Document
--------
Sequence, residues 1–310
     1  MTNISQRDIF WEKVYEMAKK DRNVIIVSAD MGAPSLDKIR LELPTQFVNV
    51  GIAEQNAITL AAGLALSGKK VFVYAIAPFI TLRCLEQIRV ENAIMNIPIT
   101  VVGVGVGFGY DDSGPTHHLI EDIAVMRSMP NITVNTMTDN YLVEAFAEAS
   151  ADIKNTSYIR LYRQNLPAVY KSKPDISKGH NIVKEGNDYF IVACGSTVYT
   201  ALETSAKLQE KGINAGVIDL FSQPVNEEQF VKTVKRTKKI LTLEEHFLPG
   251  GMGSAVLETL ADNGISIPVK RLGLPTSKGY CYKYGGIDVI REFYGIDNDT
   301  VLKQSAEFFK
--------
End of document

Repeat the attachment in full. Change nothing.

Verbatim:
Sequence, residues 1–310
     1  MTNISQRDIF WEKVYEMAKK DRNVIIVSAD MGAPSLDKIR LELPTQFVNV
    51  GIAEQNAITL AAGLALSGKK VFVYAIAPFI TLRCLEQIRV ENAIMNIPIT
   101  VVGVGVGFGY DDSGPTHHLI EDIAVMRSMP NITVNTMTDN YLVEAFAEAS
   151  ADIKNTSYIR LYRQNLPAVY KSKPDISKGH NIVKEGNDYF IVACGSTVYT
   201  ALETSAKLQE KGINAGVIDL FSQPVNEEQF VKTVKRTKKI LTLEEHFLPG
   251  GMGSAVLETL ADNGISIPVK RLGLPTSKGY CYKYGGIDVI REFYGIDNDT
   301  VLKQSAEFFK